With Higher Densities Come Smaller Footprints

This article's author reports his and economist Matthew Kahn's recent findings on metropolitan areas and carbon emissions. As it turns out, living in a high density area is one of the best things one can do for the environment.

1 minute read

February 12, 2009, 8:00 AM PST

By Judy Chang


"In only four cases in the entire 66-city sample were carbon emissions higher in central cities than in suburbs. In Los Angeles, central-city residents are using far more electricity than their suburban counterparts--possibly because newer, energy-efficient houses tend to be in the suburbs and because the urban core has many large homes."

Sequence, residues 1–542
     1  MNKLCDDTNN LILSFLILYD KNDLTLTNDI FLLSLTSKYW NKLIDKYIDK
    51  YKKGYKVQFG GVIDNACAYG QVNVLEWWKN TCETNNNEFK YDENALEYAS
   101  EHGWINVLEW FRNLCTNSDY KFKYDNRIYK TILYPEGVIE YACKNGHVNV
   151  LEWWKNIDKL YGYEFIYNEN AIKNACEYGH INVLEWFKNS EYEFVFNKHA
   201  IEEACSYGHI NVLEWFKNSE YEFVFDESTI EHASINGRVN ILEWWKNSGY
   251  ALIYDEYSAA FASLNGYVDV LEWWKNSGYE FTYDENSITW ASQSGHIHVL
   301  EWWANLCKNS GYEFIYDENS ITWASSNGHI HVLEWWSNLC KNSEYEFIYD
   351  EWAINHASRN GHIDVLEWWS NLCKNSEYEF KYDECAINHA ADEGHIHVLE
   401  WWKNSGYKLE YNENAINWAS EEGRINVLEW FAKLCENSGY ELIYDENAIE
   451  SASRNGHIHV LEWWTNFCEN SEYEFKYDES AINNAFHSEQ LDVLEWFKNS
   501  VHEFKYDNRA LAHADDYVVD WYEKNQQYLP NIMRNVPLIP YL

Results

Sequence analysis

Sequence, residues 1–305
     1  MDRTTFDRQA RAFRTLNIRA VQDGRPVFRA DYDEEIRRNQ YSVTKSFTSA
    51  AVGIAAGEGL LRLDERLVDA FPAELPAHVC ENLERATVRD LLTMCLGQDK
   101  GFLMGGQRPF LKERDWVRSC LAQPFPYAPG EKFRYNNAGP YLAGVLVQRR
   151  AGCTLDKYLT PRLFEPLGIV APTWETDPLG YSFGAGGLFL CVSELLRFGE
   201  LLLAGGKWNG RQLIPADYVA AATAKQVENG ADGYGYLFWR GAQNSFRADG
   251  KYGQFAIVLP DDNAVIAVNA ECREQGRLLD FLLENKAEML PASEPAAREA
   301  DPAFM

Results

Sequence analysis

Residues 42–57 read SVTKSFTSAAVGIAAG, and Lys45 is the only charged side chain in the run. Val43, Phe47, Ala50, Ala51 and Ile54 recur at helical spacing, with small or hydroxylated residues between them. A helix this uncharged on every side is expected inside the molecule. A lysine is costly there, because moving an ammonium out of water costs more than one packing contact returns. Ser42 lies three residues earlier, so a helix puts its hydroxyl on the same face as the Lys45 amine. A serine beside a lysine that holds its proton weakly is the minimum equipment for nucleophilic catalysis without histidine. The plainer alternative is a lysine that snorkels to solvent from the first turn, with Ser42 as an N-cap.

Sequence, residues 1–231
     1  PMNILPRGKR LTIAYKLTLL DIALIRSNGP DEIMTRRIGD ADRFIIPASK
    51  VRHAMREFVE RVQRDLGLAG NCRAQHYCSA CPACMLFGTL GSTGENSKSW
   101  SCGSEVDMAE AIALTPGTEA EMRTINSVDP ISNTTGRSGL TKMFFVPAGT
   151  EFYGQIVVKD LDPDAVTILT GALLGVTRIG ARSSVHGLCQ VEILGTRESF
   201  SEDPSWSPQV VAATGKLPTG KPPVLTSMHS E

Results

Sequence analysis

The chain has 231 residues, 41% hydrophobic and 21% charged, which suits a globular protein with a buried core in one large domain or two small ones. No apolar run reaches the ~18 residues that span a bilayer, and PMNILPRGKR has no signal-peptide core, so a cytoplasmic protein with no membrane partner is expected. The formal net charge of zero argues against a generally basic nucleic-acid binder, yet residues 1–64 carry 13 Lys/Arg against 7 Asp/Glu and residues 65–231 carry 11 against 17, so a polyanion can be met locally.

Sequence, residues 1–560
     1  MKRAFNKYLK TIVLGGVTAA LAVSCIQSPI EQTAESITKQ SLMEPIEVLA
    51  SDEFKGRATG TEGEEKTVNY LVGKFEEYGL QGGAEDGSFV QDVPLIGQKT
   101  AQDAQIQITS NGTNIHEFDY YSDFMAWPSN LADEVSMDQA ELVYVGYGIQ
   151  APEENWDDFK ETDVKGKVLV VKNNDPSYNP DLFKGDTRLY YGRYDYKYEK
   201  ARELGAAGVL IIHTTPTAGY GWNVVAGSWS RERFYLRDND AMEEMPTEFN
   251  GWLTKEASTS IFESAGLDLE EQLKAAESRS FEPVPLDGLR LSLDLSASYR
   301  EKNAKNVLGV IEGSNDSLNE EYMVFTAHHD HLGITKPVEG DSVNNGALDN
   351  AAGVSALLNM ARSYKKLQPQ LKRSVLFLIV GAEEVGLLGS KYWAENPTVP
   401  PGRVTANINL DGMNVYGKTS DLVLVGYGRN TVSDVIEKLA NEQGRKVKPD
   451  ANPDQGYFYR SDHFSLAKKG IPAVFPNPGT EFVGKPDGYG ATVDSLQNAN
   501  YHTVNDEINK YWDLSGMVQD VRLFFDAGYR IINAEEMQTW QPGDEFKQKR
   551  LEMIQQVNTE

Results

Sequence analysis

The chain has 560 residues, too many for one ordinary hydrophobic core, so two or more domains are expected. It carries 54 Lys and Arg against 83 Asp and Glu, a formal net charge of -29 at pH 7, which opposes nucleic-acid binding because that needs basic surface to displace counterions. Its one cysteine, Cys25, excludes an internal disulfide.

"The data suggest a strong general pattern: households in dense urban areas have significantly lower carbon emissions than households in the suburbs.

So California environmentalists have things exactly backward. If climate change is our major environmental challenge, the state should actively encourage new construction, rather than push it toward other areas.

It should ease restrictions in the urban cores of San Francisco, San Jose, Los Angeles, and San Diego. More building there would reduce average commute lengths and improve per-capita emissions. Higher densities could also justify more investment in new, low-emissions energy plants."

Wednesday, February 11, 2009 in The DC Examiner

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